To begin, we went ashore in the South Arm of Uganik Bay, northern Kodiak Island and had to place a tide gauge station. To begin the scuba divers had to place part of the equipment called the orifice under water. This orifice holds air bubbles. When the tide is higher and the water level is high, more bubbles will be pushed out of the orifice letting the system know that the water level is up. The more water pressure on the orifice, the higher the tide level and the opposite is also true. This information is sent to the satellite links where solar panels and batteries keep everything powered so people on the ship can read the data. We also had to place tide benchmarks in five different areas near the tide station. I helped with tide benchmark 7588 E or “Echo” which was the fifth benchmark to go in. Due to movement in the Earth, we need to have tide benchmarks throughout the areas we are studying so when the ship returns in 30 days they will have accurate information.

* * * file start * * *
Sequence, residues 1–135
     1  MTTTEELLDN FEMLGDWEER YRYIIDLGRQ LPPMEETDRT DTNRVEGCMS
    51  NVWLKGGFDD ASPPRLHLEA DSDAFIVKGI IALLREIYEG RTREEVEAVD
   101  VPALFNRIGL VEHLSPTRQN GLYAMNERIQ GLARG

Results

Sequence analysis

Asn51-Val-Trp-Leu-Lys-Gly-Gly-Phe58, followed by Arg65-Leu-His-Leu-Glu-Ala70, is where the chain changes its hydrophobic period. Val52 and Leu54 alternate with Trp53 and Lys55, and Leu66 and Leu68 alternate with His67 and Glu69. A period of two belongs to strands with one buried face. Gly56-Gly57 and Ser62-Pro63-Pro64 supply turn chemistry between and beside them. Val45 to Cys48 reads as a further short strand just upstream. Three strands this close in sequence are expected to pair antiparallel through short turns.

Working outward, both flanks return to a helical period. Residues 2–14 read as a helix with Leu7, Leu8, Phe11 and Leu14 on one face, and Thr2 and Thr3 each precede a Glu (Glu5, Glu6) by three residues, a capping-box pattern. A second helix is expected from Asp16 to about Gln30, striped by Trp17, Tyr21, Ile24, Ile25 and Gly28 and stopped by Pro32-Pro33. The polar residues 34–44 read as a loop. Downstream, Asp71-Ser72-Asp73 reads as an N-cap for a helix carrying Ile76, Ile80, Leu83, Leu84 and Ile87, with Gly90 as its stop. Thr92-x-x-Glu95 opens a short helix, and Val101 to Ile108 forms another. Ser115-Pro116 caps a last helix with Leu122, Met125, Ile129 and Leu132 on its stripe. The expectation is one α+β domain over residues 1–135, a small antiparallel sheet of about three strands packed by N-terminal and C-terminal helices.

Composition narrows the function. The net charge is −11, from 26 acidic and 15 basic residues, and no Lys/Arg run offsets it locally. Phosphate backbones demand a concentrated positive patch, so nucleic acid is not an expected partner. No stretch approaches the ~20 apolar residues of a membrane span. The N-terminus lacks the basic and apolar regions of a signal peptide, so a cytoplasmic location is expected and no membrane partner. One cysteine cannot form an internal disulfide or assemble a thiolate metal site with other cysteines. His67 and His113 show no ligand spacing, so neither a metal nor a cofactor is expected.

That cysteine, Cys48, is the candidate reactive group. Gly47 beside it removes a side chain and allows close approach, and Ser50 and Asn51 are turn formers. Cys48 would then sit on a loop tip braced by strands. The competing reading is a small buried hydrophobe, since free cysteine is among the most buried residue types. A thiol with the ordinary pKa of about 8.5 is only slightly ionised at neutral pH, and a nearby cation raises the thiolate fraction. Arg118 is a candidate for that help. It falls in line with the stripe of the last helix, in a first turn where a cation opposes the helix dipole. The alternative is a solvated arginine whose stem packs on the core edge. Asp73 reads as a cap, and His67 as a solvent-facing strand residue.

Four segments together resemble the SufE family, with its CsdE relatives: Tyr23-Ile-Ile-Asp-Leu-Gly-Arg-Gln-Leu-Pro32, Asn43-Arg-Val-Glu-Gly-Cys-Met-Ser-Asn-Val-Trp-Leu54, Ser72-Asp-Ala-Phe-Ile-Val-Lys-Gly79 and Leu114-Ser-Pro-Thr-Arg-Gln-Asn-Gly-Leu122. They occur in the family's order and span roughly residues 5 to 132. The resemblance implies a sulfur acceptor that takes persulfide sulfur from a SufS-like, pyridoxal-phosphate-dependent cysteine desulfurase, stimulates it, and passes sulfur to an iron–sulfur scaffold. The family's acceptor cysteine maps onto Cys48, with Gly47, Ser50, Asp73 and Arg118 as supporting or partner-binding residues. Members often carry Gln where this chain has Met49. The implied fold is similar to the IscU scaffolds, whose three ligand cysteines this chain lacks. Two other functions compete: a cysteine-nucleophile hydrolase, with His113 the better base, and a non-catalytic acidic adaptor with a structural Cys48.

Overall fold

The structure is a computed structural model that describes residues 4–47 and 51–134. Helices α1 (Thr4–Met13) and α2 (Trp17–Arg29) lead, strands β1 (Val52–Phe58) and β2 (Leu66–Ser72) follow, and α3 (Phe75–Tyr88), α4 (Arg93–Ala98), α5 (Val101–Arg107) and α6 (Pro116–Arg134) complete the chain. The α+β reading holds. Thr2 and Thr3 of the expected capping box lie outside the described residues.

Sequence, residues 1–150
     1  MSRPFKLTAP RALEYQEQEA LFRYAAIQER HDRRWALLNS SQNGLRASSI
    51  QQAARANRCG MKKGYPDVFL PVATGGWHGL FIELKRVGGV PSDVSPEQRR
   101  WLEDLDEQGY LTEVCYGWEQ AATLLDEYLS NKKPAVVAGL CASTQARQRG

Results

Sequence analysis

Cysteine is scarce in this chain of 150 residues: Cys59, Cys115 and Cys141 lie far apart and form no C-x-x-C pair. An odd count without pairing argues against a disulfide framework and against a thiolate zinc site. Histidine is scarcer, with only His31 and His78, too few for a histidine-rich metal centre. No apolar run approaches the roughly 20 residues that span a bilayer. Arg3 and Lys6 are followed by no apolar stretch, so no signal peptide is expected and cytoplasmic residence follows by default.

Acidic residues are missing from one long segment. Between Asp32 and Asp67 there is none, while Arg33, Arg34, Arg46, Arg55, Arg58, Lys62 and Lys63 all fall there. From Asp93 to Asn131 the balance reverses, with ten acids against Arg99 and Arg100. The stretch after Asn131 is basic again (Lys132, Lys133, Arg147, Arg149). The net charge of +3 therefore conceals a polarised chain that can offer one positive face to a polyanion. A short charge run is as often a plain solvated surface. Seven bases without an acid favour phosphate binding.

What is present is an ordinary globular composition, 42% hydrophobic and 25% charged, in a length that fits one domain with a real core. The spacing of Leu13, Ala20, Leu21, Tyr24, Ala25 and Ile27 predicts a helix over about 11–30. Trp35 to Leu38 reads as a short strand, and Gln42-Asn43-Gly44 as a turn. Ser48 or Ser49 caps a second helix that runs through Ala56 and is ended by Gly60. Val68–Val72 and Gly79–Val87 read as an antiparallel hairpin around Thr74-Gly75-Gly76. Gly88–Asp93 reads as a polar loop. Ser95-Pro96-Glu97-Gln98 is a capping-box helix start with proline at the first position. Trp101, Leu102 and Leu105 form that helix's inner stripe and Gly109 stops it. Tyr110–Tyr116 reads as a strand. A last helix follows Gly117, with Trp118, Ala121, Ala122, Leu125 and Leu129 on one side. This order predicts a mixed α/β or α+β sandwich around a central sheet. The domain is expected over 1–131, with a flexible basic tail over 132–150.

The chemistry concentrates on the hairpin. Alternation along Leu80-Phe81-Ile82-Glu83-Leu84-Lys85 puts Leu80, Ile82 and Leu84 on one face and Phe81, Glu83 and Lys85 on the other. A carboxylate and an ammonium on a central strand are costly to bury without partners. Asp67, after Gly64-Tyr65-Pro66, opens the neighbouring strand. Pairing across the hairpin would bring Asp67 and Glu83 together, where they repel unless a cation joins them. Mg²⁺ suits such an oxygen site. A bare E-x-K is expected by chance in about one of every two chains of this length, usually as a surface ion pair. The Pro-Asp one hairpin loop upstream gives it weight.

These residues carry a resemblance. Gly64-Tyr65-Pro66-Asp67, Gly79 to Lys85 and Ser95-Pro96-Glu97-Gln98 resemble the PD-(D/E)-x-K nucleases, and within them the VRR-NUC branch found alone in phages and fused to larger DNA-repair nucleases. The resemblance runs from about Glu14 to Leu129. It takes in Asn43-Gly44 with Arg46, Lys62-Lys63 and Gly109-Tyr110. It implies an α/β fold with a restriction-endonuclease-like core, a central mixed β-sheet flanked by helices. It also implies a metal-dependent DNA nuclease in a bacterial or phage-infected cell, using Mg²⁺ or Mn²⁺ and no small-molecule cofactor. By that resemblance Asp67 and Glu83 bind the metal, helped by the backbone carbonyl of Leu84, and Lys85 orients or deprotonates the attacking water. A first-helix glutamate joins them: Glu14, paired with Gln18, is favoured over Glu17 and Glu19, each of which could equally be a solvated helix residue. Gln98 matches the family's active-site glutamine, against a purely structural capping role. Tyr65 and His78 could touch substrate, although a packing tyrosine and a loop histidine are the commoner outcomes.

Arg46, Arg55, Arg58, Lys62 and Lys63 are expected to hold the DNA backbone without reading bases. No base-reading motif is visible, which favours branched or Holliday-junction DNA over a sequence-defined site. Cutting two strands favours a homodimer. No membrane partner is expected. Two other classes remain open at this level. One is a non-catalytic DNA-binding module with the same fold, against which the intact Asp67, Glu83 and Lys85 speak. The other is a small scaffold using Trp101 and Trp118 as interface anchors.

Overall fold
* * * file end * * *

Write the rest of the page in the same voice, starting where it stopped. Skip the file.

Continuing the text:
I worked very hard drilling into just the right rock to cement it down (I actually drilled in 4 areas before this one, but the shale kept breaking apart, LT Pfundt found this great spot with a more stable rock). Hydrographic Assistant Survey Tech (HAST) Michael Bloom and I made a great team working together. It took 1 1/2 days to place everything, survey and link the systems plus take 3 hours of observations for the tides. During this 3 hour period the observer checks the water level on the staff every 6 minutes. This is a lot of close observation to make sure everything is running properly!
Do you know why we would need to know when the sea rises and falls? Sometimes it can change over 6 feet in depth – two times per day here in the Pacific!! We need to know the levels for the charts that are being made. The researchers are looking at updating water depths on a chart. They will use the tide level that is lowest to be safest. This will give boats traveling above the best depth for clearance below them. The opposite is true if there is bridge on a chart. The researchers will use the highest tide depth so ships can know if they can make it under a bridge. Knowing tides is very important to chart development! Here is some more information on Vertical Control-Tides.